It was a favorite of the fundamentalist preachers of my childhood. They scared the hell out of me whenever they told this story.
And, they told it often.
It’s the story of the Rich Man and Lazarus (Luke 16:19-31).
You remember it don’t you? The rich bachelor who lived in his penthouse suite on the corner of 64th and Central Park in Manhattan? His suite, with its wrap around balcony, gave the rich dude a near panoramic view of the city.
Outside his wrought-iron fence, the gate that protected his penthouse apartment from the riffraff of this world, sat Harry the homeless guy every day. In fact, there was never a day he missed. Each morning, and again each evening, he would meet and greet the rich bachelor on his way to work and when he returned at the close of the day.
“Good morning, sir!” Harry would say in the morning. “Good evening, sir!” he’d repeat in the evening. And, with a predictableness as anticipated as the rising and setting of the sun, the rich bachelor would reach inside the pocket of his Versace suit pants, retrieve his money clip, pull out a $5 dollar bill in the morning and another in the evening, and place it in the dirty hand of Harry, the homeless guy.
“Thank you, sir," he'd say on cue. "God bless you, too."
This went on day in and day out for years. Until one day, Harry wasn’t there to greet the rich bachelor. Nor was he there in the evening.
At first, the rich bachelor shrugged it off, assuming Harry wasn’t feeling well that day. But, when day one became day two, then day three and four, the rich bachelor knew something was not right.
One morning, he stopped the patrol officer coming off the night beat in Central Park.
“Excuse me, Officer,” the rich bachelor called out. “Would you know whatever happened to Harry?”
Just then, he realized that, in all years he had seen Harry outside his gated apartment, he had never bothered to learn Harry’s last name.
“You know,” he stumbled as he pointed toward the pavement, “the homeless fellow who used to sit outside my gate here…”
The Officer just slowly shook his head from side to side and then said, “You haven’t heard, have you?"
“Heard what?” asked the bachelor.
“Harry died a few nights ago."
There was a pause that was long and awkward.
"My partner and I found him slouched over a park bench just over there.” The officer was pointing to an empty park bench just on the other side of a hedge on the inside of the park itself.
“Not sure what happened to him,” explained the Officer. “A heart attack or something. We never heard.”
And, with that, the Officer walked on.
“Have a good day!” he said in parting.
Now, had the story ended there, it would have been a sad story to hear but not so peculiar. The world is full of homeless people. Though fewer in number, the world has its share of rich folks, too, who live in high-priced apartments overlooking Central Park.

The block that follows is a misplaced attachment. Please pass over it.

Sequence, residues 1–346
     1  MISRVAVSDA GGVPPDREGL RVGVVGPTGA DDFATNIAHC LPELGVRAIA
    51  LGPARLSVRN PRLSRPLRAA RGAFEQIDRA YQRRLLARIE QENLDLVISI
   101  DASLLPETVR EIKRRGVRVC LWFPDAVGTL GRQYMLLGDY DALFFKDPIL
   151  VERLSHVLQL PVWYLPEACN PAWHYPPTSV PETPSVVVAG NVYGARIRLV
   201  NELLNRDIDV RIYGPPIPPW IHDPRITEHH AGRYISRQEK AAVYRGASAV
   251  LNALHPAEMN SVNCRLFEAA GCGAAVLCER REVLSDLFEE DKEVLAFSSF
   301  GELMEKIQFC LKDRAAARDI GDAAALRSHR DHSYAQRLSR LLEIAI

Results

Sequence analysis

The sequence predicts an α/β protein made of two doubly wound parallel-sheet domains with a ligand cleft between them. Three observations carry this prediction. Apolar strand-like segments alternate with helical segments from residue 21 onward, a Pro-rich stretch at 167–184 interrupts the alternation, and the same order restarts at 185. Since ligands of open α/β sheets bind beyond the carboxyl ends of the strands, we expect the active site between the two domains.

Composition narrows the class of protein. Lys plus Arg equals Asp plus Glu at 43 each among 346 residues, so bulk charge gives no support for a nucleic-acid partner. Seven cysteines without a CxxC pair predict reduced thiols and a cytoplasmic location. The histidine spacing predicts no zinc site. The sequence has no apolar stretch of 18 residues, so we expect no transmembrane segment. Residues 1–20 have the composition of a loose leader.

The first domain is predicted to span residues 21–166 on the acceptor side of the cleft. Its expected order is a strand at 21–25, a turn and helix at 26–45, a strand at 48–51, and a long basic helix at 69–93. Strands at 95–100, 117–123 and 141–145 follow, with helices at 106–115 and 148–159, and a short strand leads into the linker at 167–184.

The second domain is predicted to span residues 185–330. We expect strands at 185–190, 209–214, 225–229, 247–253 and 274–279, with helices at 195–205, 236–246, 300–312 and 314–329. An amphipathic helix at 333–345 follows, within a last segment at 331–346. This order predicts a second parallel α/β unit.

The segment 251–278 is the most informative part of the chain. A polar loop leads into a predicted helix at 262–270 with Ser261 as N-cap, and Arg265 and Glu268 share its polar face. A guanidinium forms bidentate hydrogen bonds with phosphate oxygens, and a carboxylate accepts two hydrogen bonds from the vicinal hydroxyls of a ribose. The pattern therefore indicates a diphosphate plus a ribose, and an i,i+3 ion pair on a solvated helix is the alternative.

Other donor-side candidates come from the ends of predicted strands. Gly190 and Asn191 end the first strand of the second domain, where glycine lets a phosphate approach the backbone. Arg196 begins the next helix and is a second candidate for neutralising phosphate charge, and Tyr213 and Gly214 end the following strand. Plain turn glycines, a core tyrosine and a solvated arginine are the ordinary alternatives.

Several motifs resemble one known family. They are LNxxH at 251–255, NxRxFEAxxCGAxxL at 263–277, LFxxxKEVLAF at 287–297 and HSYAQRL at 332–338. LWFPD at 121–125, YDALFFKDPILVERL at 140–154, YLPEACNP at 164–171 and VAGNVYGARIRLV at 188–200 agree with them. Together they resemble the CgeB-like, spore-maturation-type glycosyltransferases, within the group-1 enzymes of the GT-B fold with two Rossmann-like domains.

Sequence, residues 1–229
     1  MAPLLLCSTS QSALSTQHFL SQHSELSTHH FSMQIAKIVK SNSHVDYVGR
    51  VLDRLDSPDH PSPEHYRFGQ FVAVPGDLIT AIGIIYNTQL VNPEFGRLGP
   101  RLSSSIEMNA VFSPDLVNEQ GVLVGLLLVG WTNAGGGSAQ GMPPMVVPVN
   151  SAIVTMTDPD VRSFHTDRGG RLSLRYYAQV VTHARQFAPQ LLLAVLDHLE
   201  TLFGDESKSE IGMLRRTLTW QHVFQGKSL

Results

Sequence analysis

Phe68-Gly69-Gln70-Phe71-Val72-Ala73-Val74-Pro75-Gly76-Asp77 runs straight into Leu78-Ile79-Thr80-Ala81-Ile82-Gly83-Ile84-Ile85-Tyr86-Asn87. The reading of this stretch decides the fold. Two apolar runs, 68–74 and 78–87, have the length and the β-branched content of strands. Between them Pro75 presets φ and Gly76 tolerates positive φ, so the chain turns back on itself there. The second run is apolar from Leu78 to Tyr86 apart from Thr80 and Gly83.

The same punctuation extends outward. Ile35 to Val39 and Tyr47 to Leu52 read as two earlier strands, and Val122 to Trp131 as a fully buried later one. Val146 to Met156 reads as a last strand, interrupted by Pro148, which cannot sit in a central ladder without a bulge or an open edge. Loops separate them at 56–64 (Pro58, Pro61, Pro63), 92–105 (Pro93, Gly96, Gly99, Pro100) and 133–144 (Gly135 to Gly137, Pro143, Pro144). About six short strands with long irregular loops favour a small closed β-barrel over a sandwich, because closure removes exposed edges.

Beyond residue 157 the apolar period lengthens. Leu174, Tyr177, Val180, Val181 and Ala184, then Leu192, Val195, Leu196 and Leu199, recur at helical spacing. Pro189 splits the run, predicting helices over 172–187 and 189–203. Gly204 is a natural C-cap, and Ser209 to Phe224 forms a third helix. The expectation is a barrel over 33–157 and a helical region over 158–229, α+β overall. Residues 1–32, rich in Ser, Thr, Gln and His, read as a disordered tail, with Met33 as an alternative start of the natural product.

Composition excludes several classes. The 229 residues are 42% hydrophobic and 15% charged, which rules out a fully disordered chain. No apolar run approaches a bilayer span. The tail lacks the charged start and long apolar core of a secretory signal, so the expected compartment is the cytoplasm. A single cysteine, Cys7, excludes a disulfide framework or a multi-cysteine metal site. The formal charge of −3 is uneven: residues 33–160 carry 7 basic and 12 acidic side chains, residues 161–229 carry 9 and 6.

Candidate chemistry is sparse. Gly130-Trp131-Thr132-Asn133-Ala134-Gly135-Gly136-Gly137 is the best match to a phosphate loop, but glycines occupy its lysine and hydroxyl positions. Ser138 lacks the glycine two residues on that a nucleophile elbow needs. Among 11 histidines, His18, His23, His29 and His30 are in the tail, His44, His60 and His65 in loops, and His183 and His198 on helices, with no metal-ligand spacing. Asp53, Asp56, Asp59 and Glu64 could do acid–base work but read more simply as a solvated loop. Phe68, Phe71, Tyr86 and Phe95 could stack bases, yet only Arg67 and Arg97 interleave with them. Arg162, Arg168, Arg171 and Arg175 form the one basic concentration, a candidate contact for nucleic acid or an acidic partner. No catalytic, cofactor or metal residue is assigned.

But here’s where the story takes a weird turn.
Before that day ends, something happens to the rich bachelor, too.
You heard me right.
He walked to the corner coffee café, still stunned by the news from the officer that Harry had passed away.
“Good morning,” says the clerk, recognizing the bachelor as he walked slowly through the door.
“Will it be the usual?” she called out.
“Yes, yes,” he responded.
He picked up a copy of the New York Daily and, with cup of coffee in hand, he proceeded to sit in the corner of the café.
No sooner did he, however, but he dropped both the coffee and the New York Daily, slumped to the floor, and, he too, breathed his last.
"See what I mean?
Strange story indeed.
But wait, it gets stranger still.
In the scene that follows, the rich bachelor wakes up in hell where he suffers and suffers and suffers still more.
While peering across a divide greater than that of the Grand Canyon, he sees from the pits of hell all the way up to heaven above where Harry the homeless man was reclining in peace and comfort. Plenty to eat and drink, too.
He cried out to Mother Mary.
“Please Mother Mary (or, as Jesus told it, “Please Father Abraham…”) let Harry dip his finger in cold water and come quench my thirst. I am suffering here in hell.”
“I’m sorry,” she responded. “He cannot. I cannot. There is nothing either of us can do for you.”
“Then, please…please,” the rich bachelor continued, “let him or someone from above go back to my family and friends in New York and warn them to not live as I lived…so they won’t end up like me, suffering as I am in such a horrible place.”
“I’m sorry,” responded Mary, “but I cannot do that either. Besides, it would do no good. They have churches and priests and preachers and spiritual teachers…let them listen to them."
“That’s just it,” he argued. “They won’t listen to them. They don’t listen to anybody. But let somebody come back to life...let someone come back from the dead, then they’ll believe…I know they’ll believe.”